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The Westminster Shorter Catechism

in modern English with Scripture proofs and comments

The Westminster Shorter Catechism is a summary or exposition of doctrine, traditionally used in Christian religious teaching from New Testament times to the present. Catechisms are doctrinal manuals often in the form of questions followed by answers to be memorised.

The Westminster Shorter Catechism (also known simply as the Shorter Catechism) was written in the 1640s by English and Scottish divines.

 

The Westminster Shorter Catechism

in modern English with Scripture proofs and comments

 

Life’s Purpose and Holy Scripture – Questions 1 to 3

 

Q. 1. What is the chief purpose for which man is made?

The chief purpose for which man is made is to glorify God,[a] and to enjoy him for ever.[b]

[a]. Psa 86:9;   Isa 60:21;   Rom 11:36;   1 Cor 6:20;   1 Cor 10:31;   Rev 4:11
[b]. Psa 16:5-11;   Psa 144:15;   Isa 12:2;   Luk 2:10;   Phil 4:4;   Rev 21:3-4

Comment on Q. 1.
The opening question brings us at once to the subject of true religion – what it requires and what it gives. God has made us for a purpose just as everything made by man is made for a purpose. Only as we fulfil the purpose for which God made us can we be happy. Now God made us to glorify him. Of course we cannot add to God’s glory because he is entirely perfect, but we can show his glory by doing everything in life as service to him. This means that God must be first in our lives; only as we know and love him can we truly please him. That is why, since sin entered the human race, we can only be brought back into God’s family through Jesus Christ. Then we can have real joy in our lives, and look forward to knowing joy that never ends after this life. Looking for happiness apart from your Maker – ‘doing your own thing’ – is a dead end.

 

Q. 2. What rule has God given to direct us how to glorify and enjoy him?

The Word of God, which consists of the Scriptures of the Old and New Testaments,[a] is the only rule to direct us how to glorify and enjoy him.[b]

[a]. Mat 19:4-5 with Gen 2:24;   Luk 24:27, 44;   1 Cor 2:13;   1 Cor 14:37;   2 Pet 1:20-21;   2 Pet 3:2, 15-16
[b]. Deu 4:2;   Psa 19:7-11;   Isa 8:20;   John 15:11;   John 20:30-31;   Acts 17:11;   2 Tim 3:15-17;   1 John 1:4

Comment on Q. 2.
God has given us definite instructions in writing. As God’s book, the Bible is the best book, and we should study it more often than any other. God promises his Holy Spirit to help us understand it. We must never presume to add to it. The original languages of the Bible are Hebrew (in the Old Testament) and Greek, but common English translations give us the meaning in a form that we can understand.

 

Q. 3. What do the Scriptures principally teach?

The Scriptures principally teach what man is to believe concerning God,[a] and what duty God requires of man.[b]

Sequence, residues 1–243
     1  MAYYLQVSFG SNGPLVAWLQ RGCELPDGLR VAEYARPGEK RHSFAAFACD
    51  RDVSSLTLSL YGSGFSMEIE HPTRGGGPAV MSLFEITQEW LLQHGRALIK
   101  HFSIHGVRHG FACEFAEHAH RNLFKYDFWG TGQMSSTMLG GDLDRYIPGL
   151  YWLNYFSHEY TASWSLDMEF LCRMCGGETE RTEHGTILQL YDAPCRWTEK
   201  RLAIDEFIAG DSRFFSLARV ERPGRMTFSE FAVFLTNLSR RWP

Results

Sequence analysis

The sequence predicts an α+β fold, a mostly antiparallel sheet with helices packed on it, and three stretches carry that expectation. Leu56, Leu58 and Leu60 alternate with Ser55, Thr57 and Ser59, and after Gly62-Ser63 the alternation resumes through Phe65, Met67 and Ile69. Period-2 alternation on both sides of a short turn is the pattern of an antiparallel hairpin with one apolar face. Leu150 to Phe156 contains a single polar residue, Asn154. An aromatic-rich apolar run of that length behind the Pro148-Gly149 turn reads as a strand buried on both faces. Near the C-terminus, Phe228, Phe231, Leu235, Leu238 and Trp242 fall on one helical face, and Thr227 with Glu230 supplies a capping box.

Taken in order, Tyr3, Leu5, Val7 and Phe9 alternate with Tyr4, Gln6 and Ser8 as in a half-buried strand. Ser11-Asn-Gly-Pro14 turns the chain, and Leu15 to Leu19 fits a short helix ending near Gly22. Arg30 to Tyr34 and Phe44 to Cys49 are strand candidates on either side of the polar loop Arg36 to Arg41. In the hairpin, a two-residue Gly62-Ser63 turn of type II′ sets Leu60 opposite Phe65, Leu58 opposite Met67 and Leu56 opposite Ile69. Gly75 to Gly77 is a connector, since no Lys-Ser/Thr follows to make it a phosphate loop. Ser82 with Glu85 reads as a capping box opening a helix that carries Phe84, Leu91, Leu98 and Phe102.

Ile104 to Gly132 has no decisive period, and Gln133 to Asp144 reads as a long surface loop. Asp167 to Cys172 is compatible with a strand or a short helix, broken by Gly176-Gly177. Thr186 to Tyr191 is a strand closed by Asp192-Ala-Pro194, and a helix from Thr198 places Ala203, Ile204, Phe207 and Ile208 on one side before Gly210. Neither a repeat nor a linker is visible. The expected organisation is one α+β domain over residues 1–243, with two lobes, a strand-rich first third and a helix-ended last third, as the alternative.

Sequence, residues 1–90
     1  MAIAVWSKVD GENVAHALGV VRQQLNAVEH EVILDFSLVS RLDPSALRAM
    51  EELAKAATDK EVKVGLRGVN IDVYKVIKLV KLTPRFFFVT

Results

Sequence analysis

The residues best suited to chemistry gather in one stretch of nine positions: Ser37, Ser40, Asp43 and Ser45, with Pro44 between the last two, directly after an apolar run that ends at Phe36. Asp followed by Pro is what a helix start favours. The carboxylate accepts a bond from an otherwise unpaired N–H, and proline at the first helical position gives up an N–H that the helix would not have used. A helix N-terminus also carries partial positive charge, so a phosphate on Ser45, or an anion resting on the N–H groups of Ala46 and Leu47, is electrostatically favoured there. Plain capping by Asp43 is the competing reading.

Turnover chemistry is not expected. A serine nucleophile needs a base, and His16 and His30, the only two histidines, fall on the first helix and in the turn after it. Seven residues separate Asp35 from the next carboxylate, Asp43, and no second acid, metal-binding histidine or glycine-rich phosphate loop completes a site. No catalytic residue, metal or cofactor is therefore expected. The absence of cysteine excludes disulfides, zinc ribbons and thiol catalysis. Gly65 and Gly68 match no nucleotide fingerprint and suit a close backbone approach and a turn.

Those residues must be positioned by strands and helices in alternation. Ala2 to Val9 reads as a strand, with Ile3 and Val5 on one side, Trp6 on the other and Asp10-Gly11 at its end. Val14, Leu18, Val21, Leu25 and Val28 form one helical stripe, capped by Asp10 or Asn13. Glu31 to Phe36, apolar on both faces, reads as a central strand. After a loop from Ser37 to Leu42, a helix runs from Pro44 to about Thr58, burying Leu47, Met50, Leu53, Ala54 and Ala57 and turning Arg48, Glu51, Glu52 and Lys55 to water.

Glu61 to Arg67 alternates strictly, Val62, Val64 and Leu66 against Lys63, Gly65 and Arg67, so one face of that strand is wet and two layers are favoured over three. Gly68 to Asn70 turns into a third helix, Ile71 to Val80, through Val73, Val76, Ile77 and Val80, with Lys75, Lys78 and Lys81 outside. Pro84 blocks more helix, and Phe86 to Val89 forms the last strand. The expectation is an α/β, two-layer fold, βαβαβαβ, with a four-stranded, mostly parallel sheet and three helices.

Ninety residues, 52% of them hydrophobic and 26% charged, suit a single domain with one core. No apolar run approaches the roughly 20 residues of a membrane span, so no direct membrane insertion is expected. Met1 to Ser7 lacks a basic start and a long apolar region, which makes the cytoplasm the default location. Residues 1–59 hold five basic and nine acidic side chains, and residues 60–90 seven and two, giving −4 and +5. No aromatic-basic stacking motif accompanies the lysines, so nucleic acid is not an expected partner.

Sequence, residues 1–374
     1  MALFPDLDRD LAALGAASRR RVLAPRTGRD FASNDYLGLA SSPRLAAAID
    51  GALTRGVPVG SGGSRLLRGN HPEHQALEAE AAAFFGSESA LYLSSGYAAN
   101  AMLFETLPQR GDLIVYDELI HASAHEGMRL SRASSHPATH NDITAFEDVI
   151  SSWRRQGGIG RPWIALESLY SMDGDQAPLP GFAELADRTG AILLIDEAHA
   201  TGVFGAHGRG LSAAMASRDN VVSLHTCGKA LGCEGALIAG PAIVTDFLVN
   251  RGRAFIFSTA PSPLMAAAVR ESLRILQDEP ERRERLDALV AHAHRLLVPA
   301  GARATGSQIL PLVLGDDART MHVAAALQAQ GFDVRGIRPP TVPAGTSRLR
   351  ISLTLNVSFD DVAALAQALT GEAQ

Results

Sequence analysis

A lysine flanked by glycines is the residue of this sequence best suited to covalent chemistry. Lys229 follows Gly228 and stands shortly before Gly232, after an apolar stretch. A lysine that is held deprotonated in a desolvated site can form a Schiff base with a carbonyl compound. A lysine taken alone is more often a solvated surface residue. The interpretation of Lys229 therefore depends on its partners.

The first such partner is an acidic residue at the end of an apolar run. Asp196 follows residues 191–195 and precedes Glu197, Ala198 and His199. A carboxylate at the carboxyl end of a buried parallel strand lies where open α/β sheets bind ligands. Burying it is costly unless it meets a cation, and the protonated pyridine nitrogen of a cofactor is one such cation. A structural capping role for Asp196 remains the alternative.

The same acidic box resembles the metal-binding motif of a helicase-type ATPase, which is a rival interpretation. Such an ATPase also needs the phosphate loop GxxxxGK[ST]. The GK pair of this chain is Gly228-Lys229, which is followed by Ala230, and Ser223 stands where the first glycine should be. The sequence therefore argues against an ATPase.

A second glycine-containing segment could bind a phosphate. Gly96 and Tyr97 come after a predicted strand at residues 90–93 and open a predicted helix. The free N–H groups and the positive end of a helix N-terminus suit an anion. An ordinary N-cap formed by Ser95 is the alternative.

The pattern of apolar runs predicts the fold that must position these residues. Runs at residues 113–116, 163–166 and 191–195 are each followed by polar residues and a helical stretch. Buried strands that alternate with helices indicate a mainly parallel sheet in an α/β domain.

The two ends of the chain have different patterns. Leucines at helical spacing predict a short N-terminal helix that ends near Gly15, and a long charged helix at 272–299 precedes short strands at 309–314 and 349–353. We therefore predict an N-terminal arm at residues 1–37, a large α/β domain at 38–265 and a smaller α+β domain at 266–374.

[a]. Gen 1:1;   John 5:39;   John 20:31;   Rom 10:17;   2 Tim 3:15
[b]. Deu 10:12-13;   Jos 1:8;   Psa 119:105;   Mic 6:8;   2 Tim 3:16-17

Comment on Q. 3.
We must never forget that right belief and right behaviour go together, and that right behaviour arises from right belief. God is pleased with our conduct only when it arises from trust in him and his word.

 

The One and Triune God – Questions 4 to 6

 

Q. 4. What is God?

God is a Spirit,[a] infinite,[b] eternal,[c] and unchangeable[d] in his being,[e] wisdom,[f] power,[g] holiness,[h] justice,[i] goodness,[j] and truth.[k]

[a]. Deu 4:15-19;   Luk 24:39;   John 1:18;   John 4:24;   Acts 17:29
[b]. 1 Ki 8:27;   Psa 139:7-10;   Psa 145:3;   Psa 147:5;   Jer 23:24;   Rom 11:33-36
[c]. Deu 33:27;   Psa 90:2;   Psa 102:12;   Psa 102:24-27;   Rev 1:4;   Rev 1:8
[d]. Psa 33:11;   Mal 3:6;   Heb 1:12;   Heb 6:17-18;   Heb 13:8;   Jas 1:17
[e]. Exo 3:14;   Psa 115:2-3;   1 Tim 1:17;   1 Tim 6:15-16
[f]. Psa 104:24;   Rom 11:33-34;   Heb 4:13;   1 John 3:20
[g]. Gen 17:1;   Psa 62:11;   Jer 32:17;   Mat 19:26;   Rev 1:8
[h]. Heb 1:13;   1 Pet 1:15-16;   1 John 3:3;   1 John 3:5;   Rev 15:4
[i]. Gen 18:25;   Exo 34:6-7;   Deu 32:4;   Psa 96:13;   Rom 3:5;   Rom 3:26
[j]. Psa 103:5;   Psa 107:8;   Mat 19:17;   Rom 2:4
[k]. Exo 34:6;   Deu 32:4;   Psa 86:15 vs Psa 117:2;   Heb 6:18

Comment on Q. 4.
The Catechism does not try to prove God is, but takes it for granted as the Bible does. This answer tells us that God does not have a physical body such as limits us. He cannot be seen by the physical eye or touched by our hands. When the Bible speaks of God as having human qualities (eyes, ears and so on), this language is to help us understand about him and does not mean that God has a body. Next, we learn that God is not limited by space or time or anything else, nor does he change, for he is perfect. Finally, seven important qualities of God’s character are stated, all of which are in harmony with each other (for example, his power is used with wisdom), and all of which are qualified by the three adjectives (for example, God is infinite, eternal and unchangeable in his wisdom as well as in his being. His goodness includes his mercy, grace, compassion and love. His truth means he is utterly reliable and can be trusted to keep his word. So God is very different from us, but we can know him because he has told us about himself through what he has made, and especially through the Bible.

 

Q. 5. Are there more Gods than one?

There is only one God,[a] the living and true God.[b]

[a]. Deu 6:4;   Isa 44:6;   Isa 45:21-22;   1 Cor 8:4-6